which belongs in this organizing period, are the American Education
Society (1815), the American Sunday-school Union (1824), the American
Tract Society (1825), the Seamen's Friend Society (1826), and the
American Home Missionary Society (1826), in which last the
Congregationalists of New England co÷perated with the Presbyterians on
the basis of a Plan of Union entered into between the General Assembly
and the General Association of Connecticut, the tendency of which was to
reinforce the Presbyterian Church with the numbers and the vigor of the
New England westward migration. Of course the establishment of these and
other societies for beneficent work outside of sectarian lines did not
hinder, but rather stimulated, sectarian organizations for the like
objects. The whole American church, in all its orders, was girding
itself for a work, at home and abroad, the immense grandeur of which no
man of that generation could possibly have foreseen.

The grandeur of this work was to consist not only in the results of it,
but in the resources of it. As never before, the sympathies, prayers,
and personal co÷peration of all Christians, even the feeblest, were to
be combined and utilized for enterprises coextensive with the continent
and the world and taking hold on eternity. The possibilities of the new
era were dazzling to the prophetic imagination. A young minister then
standing on the threshold of a long career exulted in the peculiar and
excelling glory of the dawning day:

Surely, if it is the noblest attribute of our nature that
spreads out the circle of our sympathies to include the whole
family of man, and sends forth our affections to embrace the
ages of a distant futurity, it must be regarded as a privilege
no less exalted that our means of doing good are limited by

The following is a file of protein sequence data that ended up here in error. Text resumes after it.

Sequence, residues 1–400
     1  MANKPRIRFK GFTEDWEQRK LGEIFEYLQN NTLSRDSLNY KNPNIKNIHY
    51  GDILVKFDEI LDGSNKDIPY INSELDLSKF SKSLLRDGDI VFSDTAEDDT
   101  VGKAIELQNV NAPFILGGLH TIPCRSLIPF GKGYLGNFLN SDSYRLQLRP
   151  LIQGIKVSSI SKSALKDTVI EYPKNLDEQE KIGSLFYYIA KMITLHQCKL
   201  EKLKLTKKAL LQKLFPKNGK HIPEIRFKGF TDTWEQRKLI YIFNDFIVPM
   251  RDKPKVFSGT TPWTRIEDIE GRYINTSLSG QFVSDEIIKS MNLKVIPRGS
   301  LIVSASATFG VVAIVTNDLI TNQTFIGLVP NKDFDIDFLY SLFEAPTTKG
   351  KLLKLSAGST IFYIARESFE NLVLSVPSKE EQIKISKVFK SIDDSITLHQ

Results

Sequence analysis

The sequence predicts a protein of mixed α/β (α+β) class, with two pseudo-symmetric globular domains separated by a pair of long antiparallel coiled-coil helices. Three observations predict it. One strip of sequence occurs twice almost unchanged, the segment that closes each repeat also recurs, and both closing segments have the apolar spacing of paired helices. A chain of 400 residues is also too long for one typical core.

no remoteness of country or distance of duration, but we may
operate, if we will, to assuage the miseries of another
hemisphere, or to prevent the necessities of an unborn
generation. The time has been when a man might weep over the
wrongs of Africa, and he might look forward to weep over the
hopelessness of her degradation, till his heart should bleed;
and yet his tears would be all that he could give her. He
might relieve the beggar at his door, but he could do nothing
for a dying continent. He might provide for his children, but
he could do nothing for the nations that were yet to be born
to an inheritance of utter wretchedness. Then the privilege of
engaging in schemes of magnificent benevolence belonged only
to princes and to men of princely possessions; but now the
progress of improvement has brought down this privilege to the
reach of every individual. The institutions of our age are a
republic of benevolence, and all may share in the unrestrained
and equal democracy. This privilege is ours. We may stretch
forth our hand, if we will, to enlighten the Hindu or to tame
the savage of the wilderness. It is ours, if we will, to put
forth our contributions and thus to operate not ineffectually
for the relief and renovation of a continent over which one
tide of misery has swept without ebb and without restraint for
unremembered centuries. It is ours, if we will, to do
something that shall tell on all the coming ages of a race
which has been persecuted and enslaved, trodden down and
despised, for a thousand generations. Our Father has made us
the almoners of his love. He has raised us to partake, as it
were, in the ubiquity of his own beneficence. Shall we be
unworthy of the trust? God forbid![260:1]

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Previous: The Second Awakening